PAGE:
film fatales #113: shadow in the cloud (roseanne liang, 2020)
losing it at the movies: one flew over the cuckoo's nest (miloš forman, 1975)

original cast album: company (d.a. pennebaker, 1970)

This is the thirty-second film I have watched in "My Letterboxd Season Challenge 2020-21", "A 33 week long challenge where the goal each week is to watch a previously unseen feature length film from a specified category." This is the 6th annual challenge, and my second time participating (last year can be found at "My Letterboxd Season Challenge 2019-20"). Week 32 is called "Documentary Now! Week".

As film enthusiasts, we owe it to ourselves to watch anything that caters to the more niche aspects of our hobby. And Documentary Now! may be the most inside baseball show about movies since The Critic. Helen Mirren hosts this Masterpiece-Theater-in-its-own-right lampoon of some of the most influential documentaries ever made. Its a show made with so much respect and love for its source material while also providing delightful caricatures of said films. In order to get the most of the show, this week's a little bit of a challenge+, as you must check out both a documentary they have parodied and the episode that parodies the film you select.

This week's challenge is to watch a previously unseen film parodied in "Documentary Now!" AND the corresponding episode.

This is only my second year doing the Letterboxd Challenge, but I'd have to say this week's category was the most complicated I've seen yet. Not only did I watch a movie, I watched a related televsion show, from a series I admit I'd never heard of, Documentary Now! It's a mockumentary, created by some SNL folks, that takes a real documentary and parodies it. Helen Mirren appears as the Masterpiece-like host. Some of those real docs were hard to find, and I ended up with Original Cast Album: Company almost by default. It's a "direct cinema" film from D.A. Pennebaker, which in itself gives it some interest.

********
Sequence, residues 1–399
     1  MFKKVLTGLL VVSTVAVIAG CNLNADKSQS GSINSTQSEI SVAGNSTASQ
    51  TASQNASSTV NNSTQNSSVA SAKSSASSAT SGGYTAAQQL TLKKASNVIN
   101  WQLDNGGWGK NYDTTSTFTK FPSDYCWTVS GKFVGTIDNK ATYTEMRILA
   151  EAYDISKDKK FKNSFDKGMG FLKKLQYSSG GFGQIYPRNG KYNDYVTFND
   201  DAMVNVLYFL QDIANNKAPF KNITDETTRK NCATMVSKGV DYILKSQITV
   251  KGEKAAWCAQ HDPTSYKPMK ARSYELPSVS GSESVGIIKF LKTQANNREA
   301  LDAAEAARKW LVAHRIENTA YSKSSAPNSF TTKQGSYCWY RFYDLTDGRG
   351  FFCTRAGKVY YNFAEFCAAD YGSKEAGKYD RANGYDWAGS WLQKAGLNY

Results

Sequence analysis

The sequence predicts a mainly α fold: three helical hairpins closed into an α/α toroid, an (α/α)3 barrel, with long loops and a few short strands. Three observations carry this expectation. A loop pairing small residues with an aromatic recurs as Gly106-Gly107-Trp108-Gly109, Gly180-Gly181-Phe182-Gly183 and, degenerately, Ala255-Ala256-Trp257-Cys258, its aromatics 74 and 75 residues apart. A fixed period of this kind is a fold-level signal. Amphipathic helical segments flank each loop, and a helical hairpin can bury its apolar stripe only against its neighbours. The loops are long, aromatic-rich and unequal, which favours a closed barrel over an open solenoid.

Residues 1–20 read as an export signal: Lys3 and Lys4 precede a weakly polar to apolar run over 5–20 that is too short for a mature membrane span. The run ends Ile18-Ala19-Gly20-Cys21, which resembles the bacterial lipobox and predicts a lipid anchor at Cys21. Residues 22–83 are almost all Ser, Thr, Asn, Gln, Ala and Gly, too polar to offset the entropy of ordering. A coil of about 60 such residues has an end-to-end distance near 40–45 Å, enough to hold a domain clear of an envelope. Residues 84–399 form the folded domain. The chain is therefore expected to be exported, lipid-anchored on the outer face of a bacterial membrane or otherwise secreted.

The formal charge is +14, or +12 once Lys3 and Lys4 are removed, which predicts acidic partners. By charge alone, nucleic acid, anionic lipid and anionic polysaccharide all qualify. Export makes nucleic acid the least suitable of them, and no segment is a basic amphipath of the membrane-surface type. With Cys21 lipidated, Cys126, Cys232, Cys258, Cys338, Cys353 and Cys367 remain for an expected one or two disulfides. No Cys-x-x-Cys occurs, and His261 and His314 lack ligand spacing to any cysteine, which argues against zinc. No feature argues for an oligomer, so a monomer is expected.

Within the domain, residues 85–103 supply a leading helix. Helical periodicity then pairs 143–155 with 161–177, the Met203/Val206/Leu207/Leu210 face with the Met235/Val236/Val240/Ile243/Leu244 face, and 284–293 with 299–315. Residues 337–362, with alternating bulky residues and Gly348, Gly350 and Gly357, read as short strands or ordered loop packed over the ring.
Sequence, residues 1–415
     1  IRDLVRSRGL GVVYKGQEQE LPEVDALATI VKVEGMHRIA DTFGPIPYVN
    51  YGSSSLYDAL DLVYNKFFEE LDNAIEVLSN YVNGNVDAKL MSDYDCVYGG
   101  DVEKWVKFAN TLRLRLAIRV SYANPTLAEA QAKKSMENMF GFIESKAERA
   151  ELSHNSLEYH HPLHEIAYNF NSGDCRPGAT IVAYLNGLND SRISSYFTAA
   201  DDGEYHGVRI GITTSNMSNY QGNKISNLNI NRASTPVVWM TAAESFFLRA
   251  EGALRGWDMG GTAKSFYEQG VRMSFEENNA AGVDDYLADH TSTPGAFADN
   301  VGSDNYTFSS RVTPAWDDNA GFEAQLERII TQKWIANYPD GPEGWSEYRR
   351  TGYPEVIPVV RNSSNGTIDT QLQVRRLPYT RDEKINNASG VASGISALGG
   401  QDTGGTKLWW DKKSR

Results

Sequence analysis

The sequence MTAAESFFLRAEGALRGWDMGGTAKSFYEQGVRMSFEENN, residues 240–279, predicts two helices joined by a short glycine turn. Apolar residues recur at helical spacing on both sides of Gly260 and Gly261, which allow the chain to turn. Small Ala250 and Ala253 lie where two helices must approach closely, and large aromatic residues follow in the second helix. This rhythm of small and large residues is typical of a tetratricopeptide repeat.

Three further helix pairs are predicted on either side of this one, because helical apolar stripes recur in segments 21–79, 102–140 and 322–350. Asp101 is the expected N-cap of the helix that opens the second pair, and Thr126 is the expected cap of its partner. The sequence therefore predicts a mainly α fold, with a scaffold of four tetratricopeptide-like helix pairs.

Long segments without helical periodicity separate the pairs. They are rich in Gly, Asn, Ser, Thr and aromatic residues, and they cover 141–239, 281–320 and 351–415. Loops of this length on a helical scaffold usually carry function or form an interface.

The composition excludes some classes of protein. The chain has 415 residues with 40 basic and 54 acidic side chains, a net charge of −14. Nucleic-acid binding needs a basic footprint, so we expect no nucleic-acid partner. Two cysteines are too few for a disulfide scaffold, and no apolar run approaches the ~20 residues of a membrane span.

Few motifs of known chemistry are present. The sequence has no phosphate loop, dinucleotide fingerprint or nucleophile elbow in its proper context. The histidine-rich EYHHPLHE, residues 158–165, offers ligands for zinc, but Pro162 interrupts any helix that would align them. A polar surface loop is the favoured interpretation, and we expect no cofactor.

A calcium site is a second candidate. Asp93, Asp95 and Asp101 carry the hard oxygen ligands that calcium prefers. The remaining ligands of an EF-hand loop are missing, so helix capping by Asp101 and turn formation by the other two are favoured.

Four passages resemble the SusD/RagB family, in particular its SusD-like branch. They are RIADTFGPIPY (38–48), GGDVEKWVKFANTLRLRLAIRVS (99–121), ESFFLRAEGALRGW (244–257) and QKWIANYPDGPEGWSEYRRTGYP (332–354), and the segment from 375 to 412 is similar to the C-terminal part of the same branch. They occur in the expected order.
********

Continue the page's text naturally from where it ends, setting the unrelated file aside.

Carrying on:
Pennebaker was invited into the session to record the cast album for Company, which had just begun its run. It was intended to be a pilot for a proposed series, but that idea fell apart, leaving just this one example. It's the usual fly-on-the-wall approach, and more interesting if you are familiar with Company (I was not). There were a few familiar names, even to me. Dean Jones, who starred in a zillion Disney movies like That Darn Cat! and The Love Bug, was the male lead and showed off a fine voice. The legendary Elaine Stritch was her inimitable self. Best of all was Beth Howland. At the time, she was known for appearing in stage musicals, and she was the original Amy in Company. But I recognized her for the nine years and 200+ episodes she appeared in the TV show Alice. I don't think I even knew she could sing. Amy, it turns out, gets to be the main singer for "Getting Married Today", which is described by Wikipedia: "With 68 words sung in a total of 11 seconds, "Getting Married Today" was notable for being the most difficult musical song with the fastest verse in history."

As for the Documentary Now! parody ... what's the word, meh. It was close to the original, too close ... the only humor came from making the connections to the original. There was nothing inherent in what they were doing that was funny. It's quite the academic exercise, though.

Comments

Arthur

I was actually in a student production of Company at Cal and it was one of the best show experiences I had while at school. We definitely watched the section of the documentary with the producers (and Sondheim himself?) making Stritch redo her song over and over to get it to their liking. I still really love the music in the show, granted I have happy memories attached to it. Even if I didn't, though, I think I'd still feel that 'Being Alive' might be the best Sondheim song period.

Steven Rubio

I was thinking about you as I watched the movie. I was trying to figure out how the various actor/singers were able to get involved for a recording, especially if they had a live performance near that time. It's one thing doing a patter song, and Stritch was just tired. But the others ... how can they access the emotions when there is nothing but a mic in front of them. Then I realized, that's how musicians make their studio recordings. It's not that hard if you're already good at it.

In 1980, we saw Bruce Springsteen 5 times in a week. Each show, I would rush the stage near the end, and watch him belt out "Jungleland". How did he do it, I wondered, cranking it up night after night for an emotional blast like that song. Then I realized ... he was acting. We just don't expect that from musicians.

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